Available for mp3 purchase
(from The New Criterion, June 2005)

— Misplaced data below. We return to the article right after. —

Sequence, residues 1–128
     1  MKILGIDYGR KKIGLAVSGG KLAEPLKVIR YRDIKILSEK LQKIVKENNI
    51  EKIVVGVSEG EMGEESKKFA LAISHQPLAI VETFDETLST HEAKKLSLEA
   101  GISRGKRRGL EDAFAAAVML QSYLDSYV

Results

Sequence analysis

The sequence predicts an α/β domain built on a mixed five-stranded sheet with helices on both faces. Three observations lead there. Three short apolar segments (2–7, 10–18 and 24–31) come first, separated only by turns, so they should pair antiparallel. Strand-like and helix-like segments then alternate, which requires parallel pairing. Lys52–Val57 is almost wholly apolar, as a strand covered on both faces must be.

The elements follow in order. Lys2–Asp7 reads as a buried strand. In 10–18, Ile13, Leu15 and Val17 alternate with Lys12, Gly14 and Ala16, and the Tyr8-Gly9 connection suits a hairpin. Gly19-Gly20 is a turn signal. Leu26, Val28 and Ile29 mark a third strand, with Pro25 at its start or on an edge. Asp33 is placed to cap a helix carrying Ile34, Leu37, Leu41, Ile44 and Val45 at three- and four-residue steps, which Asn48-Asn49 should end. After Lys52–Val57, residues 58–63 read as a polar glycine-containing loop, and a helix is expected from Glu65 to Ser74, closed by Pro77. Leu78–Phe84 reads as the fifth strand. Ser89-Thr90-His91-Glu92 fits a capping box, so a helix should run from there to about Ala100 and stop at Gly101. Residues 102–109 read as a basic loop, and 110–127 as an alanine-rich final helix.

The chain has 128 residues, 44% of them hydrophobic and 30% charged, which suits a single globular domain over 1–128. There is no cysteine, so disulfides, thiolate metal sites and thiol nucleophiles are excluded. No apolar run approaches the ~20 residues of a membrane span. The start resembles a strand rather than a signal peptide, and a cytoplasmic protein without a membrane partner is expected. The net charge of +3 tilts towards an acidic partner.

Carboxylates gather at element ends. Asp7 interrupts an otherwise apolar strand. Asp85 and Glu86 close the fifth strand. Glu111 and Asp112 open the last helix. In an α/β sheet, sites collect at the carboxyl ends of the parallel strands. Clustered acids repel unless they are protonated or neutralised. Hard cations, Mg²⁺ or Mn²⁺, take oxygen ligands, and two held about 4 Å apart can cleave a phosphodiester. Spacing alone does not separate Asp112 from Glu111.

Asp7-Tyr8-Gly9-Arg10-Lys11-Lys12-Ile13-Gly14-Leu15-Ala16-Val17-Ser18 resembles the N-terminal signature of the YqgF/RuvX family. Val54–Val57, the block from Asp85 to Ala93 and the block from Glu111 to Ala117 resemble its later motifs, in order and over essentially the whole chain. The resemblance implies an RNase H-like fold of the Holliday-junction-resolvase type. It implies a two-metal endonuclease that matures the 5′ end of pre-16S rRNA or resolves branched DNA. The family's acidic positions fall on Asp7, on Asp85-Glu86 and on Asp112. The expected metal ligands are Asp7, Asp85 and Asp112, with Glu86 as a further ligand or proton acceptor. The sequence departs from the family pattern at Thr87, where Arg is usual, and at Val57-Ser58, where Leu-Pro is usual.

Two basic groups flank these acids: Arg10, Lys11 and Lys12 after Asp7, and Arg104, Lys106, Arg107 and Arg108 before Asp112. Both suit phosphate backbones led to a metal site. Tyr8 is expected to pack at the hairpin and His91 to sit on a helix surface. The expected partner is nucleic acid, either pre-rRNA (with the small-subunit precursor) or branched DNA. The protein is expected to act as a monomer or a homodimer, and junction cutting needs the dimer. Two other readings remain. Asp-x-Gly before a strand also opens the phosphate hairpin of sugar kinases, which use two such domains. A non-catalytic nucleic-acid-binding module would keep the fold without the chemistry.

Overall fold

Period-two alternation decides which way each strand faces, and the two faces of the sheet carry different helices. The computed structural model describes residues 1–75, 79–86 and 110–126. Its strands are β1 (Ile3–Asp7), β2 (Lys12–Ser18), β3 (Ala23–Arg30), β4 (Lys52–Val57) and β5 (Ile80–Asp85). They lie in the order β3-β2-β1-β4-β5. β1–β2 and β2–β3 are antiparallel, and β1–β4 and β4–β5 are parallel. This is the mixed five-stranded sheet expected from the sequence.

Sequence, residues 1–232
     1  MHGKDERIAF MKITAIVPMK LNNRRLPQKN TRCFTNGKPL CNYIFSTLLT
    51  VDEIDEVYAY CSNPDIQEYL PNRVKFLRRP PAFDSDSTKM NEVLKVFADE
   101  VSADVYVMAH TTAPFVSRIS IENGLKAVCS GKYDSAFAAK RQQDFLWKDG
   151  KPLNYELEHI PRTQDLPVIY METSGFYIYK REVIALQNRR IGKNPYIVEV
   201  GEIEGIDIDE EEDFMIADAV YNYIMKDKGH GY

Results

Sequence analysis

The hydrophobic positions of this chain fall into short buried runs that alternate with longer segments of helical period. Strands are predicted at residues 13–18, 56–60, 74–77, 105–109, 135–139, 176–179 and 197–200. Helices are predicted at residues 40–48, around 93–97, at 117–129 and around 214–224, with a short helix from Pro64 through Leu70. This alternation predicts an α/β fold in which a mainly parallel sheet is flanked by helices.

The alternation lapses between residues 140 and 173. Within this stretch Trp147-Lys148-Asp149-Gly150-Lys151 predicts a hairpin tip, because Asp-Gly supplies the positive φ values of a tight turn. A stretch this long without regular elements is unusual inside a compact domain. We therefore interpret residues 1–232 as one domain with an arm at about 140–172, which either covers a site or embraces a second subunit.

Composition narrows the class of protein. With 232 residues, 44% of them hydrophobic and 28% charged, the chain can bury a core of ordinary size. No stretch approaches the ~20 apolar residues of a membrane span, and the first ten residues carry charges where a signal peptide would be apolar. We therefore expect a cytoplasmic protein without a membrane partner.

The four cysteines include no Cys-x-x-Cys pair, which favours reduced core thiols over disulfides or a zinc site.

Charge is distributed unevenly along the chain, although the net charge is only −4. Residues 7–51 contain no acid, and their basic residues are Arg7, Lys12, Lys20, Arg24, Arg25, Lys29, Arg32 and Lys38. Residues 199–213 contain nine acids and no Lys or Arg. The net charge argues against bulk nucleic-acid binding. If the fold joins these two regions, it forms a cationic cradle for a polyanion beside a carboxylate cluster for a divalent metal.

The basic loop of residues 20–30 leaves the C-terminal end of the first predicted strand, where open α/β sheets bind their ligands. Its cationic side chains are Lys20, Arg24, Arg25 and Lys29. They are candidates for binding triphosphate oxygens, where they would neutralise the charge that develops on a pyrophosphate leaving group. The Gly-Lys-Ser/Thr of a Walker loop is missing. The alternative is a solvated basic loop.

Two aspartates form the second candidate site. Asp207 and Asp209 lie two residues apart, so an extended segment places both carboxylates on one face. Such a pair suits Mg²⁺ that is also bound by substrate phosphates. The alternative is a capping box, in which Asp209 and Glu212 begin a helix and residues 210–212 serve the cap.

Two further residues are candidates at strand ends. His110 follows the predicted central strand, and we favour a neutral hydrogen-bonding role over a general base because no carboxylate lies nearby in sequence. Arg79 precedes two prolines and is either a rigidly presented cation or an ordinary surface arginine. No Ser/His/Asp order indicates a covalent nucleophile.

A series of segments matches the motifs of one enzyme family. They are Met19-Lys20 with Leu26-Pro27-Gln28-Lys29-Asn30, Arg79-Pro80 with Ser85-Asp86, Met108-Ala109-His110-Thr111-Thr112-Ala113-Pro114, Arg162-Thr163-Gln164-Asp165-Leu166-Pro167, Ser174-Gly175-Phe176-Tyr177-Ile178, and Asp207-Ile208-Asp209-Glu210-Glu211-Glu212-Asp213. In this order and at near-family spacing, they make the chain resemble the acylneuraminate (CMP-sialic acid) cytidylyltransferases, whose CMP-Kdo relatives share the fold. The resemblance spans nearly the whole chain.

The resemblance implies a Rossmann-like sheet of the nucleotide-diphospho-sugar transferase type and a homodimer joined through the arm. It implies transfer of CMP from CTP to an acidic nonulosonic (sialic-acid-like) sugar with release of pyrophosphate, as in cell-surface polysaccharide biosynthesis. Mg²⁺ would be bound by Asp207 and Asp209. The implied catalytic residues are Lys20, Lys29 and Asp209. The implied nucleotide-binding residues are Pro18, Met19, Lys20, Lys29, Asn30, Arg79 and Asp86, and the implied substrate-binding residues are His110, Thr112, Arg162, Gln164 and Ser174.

Born in 1927 in Poland, Leszek Kolakowski grew out of his youthful Stalinism to become one of the most penetrating critics of Marxism. In his masterful three-volume Main Currents of Marxism, he concluded: "The self-deification of mankind, to which Marxism gave philosophical expression, has ended in the same way as all such attempts, whether individual or collective: it has revealed itself as the farcical aspect of human bondage." Kolakowski's diagnosis of the spiritual crisis of modernity goes far beyond his critique of Marxism; in a variety of books, essays, and public addresses, he regularly returned to the problem of modern culture's denial of the sacred. This essay by Roger Kimball, editor of The New Criterion, was written on the occasion of the release of a new edition of Main Currents of Marxism, and sets the arguments in that book in the wider context of Kolakowski's other work. Read by Ken Myers. 35 minutes.